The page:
Undoubtedly the most original shooter of 2011 that we played, Bulletstorm introduced us to the hilarious skillshot system. Its easy to shoot a guy in the face with a shotgun. But its harder to whip a guy towards you, boot him in the balls so his body flies towards a huge wall of spikes, and then shotgun him in the face seconds before he’s impaled. This is the only game I know of that rewards such imaginative thinking, and we had endless fun figuring out the hundreds of skillshots in the game. Bulletstorm deserves its place on this list.
When I reviewed Bulletstorm earlier this year, I had a lot of praise for it, and by jove I meant it. In no other game have I seen such attention to detail with regards to flinging people into the air with laser whip, pummeling them with a machine gun, then kicking them in the face as they plummet back toward the earth, placing them nicely into a prickly embrace of a giant cactus. Instant satisfaction, and that was just one enemy! Humongous beasts, enormous machines, and all round glorious set-pieces made Bulletstorm truly spectacular, along with the almost comically unique take on typical FPS gameplay, making the priority less about killing men and more about doing it creatively.
What’s that you say? A monstrous concept? Well, yes I suppose to some it might be, but all the horrific and mutilating skill shots you can make are positively hilariously named, things like ‘Sausage Fest’ for killing someone with a hot-dog cart, ‘Fire in the Hole’ for shooting someone in the rear end, and how about the utterly charming ‘Nut Cracker’ which involves flying a guided sniper bullet into the privates of an unsuspecting enemy in the distance. Yes, I’ve never seen a game do such a thing, and it damn well did it good. Not to mention the storyline wasn’t bad at all, and with all the epic explosions, monsters, and fun characters to be seen throughout the duration of the game, there was plenty to keep me entertained.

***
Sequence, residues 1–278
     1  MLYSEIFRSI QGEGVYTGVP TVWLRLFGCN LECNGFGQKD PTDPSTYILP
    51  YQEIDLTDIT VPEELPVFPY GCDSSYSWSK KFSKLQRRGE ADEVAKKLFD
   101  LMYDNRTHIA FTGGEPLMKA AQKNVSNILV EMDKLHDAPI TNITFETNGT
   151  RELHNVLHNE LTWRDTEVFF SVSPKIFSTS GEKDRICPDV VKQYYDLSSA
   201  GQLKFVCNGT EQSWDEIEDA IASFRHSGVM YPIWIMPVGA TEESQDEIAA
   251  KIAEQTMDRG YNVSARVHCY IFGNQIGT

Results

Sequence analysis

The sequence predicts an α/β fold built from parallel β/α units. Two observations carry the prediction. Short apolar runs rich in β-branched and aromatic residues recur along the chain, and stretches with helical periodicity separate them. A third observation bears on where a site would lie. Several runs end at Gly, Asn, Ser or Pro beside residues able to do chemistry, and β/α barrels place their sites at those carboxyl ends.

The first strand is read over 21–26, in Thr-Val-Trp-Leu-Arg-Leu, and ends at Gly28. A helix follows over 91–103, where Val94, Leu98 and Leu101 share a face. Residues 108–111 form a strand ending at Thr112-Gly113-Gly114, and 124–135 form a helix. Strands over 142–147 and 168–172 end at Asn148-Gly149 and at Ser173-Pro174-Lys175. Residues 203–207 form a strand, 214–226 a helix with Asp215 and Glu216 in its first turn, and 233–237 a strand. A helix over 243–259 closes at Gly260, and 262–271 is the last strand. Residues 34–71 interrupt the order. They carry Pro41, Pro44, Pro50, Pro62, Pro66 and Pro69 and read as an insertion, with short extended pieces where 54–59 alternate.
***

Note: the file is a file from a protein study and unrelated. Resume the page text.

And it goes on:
I had great fun playing Bulletstorm. The Unreal engine is used by so many studios, but its only when Epic themselves are involved that they really know how to push it to its limits. The most memorable moments for me are when you’re fighting enormous towering monsters, or being chased by a gigantic runaway rolling ball of steel across a desert. The environments ranged from huge sprawling outdoor fields to run-down derelict and overgrown cities, and everything in between. Half the game was even set in a post-apocalyptic holiday resort – something we saw a couple of times in 2011, but Bulletstorm did it first, and arguably best.
Its hard not to love those skillshots, too. For years, shooters have allowed us to take out bad guys in sadistically entertaining ways, but never before has there been a system in place that actively recognises and rewards clever acts of violence such as this. To unlock new weapons and upgrades, you simply have to play Bulletstorm creatively, otherwise you’ll be stuck with the regular gear. Amusingly, this system is integrated into the story itself, which has its tongue so firmly in its cheek for the duration of the campaign that only the biggest prude would be offended by its gloriously juvenile humour.